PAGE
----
“While the pension freedoms have been a success overall, there remains an issue with the way withdrawals are taxed by HMRC. Since 2015, HMRC has chosen to tax the first flexible withdrawal someone makes in a tax year on a ‘Month 1’ basis.


“This means HMRC divides your usual tax allowances by 12 and applies them to the withdrawal, landing hard-working savers with shock tax bills often running into thousands of pounds. At the last count, approaching £1.2 billion had been repaid to those who had made claim – although we know most people simply don’t go through this process.

“While those who take a regular income or make multiple withdrawals during the tax year should be put right automatically by HMRC, anyone who makes a single withdrawal will likely be left out of pocket.

“It is possible to get your money back within 30 days, but only if you fill out one of three HMRC forms to reclaim your money. If you don’t, you are left relying on the efficiency of HMRC to repay you at the end of the tax year. It is high time these systems were upgraded so people who use the freedoms as intended aren’t forced to go crawling to the Revenue to get their money.”

Ten key numbers that tell a story about retiring in Britain since 2015

  1. £72.2 billion

The total value of pensions accessed ‘flexibly’ since the pension freedoms were introduced in April 2015. (Source: latest available HMRC data)

  1. 705,666

The number of pension pots accessed for the first time in 2021/22 (the most recent year official data is available). (Source: FCA data)

  1. 205,641

New drawdown policies entered into but not fully withdrawn in 2021/22 (the most recent year official data is available). (Source: FCA data)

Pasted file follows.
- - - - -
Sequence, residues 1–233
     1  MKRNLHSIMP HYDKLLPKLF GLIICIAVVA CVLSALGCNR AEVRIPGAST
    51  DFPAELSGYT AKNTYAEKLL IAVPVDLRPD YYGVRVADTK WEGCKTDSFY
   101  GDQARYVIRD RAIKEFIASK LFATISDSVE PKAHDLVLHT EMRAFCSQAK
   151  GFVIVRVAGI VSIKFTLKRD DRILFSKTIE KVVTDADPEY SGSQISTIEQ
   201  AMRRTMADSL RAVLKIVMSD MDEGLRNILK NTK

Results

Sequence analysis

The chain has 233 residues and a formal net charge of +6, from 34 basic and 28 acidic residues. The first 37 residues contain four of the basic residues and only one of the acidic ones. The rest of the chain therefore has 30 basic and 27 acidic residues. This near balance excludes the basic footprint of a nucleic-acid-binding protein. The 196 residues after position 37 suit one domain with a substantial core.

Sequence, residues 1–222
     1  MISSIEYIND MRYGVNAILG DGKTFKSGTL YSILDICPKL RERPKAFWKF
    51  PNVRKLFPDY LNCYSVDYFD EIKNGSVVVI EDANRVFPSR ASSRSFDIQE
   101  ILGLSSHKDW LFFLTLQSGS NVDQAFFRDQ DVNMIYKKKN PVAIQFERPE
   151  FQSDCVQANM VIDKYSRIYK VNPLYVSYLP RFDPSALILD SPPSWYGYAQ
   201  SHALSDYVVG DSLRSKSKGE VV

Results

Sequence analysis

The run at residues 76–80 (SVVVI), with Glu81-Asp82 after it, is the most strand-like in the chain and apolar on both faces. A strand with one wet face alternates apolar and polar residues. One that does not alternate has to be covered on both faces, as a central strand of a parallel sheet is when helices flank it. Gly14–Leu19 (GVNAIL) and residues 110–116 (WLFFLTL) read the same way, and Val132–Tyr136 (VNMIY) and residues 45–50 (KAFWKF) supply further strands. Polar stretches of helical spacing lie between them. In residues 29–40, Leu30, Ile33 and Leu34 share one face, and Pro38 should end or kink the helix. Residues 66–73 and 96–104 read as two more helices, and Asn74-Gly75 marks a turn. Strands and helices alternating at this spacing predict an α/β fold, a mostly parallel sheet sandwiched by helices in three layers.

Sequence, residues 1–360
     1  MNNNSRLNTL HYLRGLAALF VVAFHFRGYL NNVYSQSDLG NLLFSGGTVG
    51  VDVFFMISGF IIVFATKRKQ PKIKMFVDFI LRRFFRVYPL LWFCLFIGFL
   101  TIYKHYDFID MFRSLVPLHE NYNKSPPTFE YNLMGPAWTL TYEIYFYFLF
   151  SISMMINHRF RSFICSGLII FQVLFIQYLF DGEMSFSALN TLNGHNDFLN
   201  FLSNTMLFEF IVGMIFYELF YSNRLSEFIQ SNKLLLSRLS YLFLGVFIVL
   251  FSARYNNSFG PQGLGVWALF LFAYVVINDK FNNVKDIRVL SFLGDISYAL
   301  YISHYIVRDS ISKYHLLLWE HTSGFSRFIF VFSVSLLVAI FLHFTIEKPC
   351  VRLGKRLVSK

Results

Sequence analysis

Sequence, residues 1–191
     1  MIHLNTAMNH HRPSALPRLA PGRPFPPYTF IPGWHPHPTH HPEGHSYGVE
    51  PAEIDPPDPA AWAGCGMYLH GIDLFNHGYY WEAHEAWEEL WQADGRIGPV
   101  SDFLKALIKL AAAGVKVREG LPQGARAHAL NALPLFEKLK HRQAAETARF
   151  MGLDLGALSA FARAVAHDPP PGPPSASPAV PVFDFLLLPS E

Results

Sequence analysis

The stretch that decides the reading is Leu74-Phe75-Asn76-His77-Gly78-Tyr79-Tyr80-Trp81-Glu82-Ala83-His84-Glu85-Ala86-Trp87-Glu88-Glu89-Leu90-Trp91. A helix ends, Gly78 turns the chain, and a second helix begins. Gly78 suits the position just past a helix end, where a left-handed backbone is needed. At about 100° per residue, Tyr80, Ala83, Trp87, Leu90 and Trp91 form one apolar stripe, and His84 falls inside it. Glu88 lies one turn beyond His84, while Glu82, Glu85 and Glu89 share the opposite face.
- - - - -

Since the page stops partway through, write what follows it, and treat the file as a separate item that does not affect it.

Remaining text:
1. 68,514

Number of annuities purchased in 2021/22 (the most recent year official data is available). (Source: FCA data)

  1. 33.4%

Proportion of plans accessed for the first time where plan holders took regulated financial advice in 2021/22 (the most recent year official data is available). (Source: FCA data)

  1. 40%

Proportion of regular drawdown income payments withdrawn at a rate of over 8% of the pot value in 2021/22 (the most recent year official data is available). (Source: FCA data)

  1. 6%

Proportion of people aged 55+ who were saving in a defined contribution (DC) pension in May 2022 who said they had fully encashed the pension, or taken out a lump sum, to cover day-to-day expenses. (Source: FCA Financial Lives Survey)

  1. 26,619

Total number of defined benefit (DB) to defined contribution (DC) transfers carried out in 2021/22 (the most recent year official data is available). (Source: FCA data)

  1. £1,174,970,963

Amount of money reclaimed by savers overtaxed on their pension withdrawals since April 2015. (Source: AJ Bell analysis of HMRC data)

  1. £3,216

Average reclaim value in the latest quarter (Q4 2023). (Source: AJ Bell analysis of HMRC data)